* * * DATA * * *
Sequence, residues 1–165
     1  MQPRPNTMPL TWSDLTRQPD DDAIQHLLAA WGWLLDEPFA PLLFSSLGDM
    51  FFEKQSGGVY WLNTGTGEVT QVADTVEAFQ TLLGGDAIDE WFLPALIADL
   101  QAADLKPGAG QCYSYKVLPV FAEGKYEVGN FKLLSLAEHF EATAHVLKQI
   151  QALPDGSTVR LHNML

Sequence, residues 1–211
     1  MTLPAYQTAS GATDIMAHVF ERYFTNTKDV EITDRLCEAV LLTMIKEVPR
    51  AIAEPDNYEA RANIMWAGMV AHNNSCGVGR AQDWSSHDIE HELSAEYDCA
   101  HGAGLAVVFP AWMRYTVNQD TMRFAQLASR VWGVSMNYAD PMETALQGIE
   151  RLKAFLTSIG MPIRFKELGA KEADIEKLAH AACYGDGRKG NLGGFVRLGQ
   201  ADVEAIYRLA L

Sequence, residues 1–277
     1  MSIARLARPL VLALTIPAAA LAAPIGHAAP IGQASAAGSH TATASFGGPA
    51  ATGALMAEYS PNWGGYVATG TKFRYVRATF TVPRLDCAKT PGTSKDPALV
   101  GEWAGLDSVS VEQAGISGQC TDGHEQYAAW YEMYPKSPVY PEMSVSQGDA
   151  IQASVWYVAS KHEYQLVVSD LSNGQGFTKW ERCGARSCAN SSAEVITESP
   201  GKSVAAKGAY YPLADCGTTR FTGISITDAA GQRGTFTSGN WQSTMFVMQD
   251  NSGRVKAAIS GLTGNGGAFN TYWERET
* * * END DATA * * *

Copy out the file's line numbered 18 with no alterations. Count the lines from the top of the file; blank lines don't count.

   251  NSGRVKAAIS GLTGNGGAFN TYWERET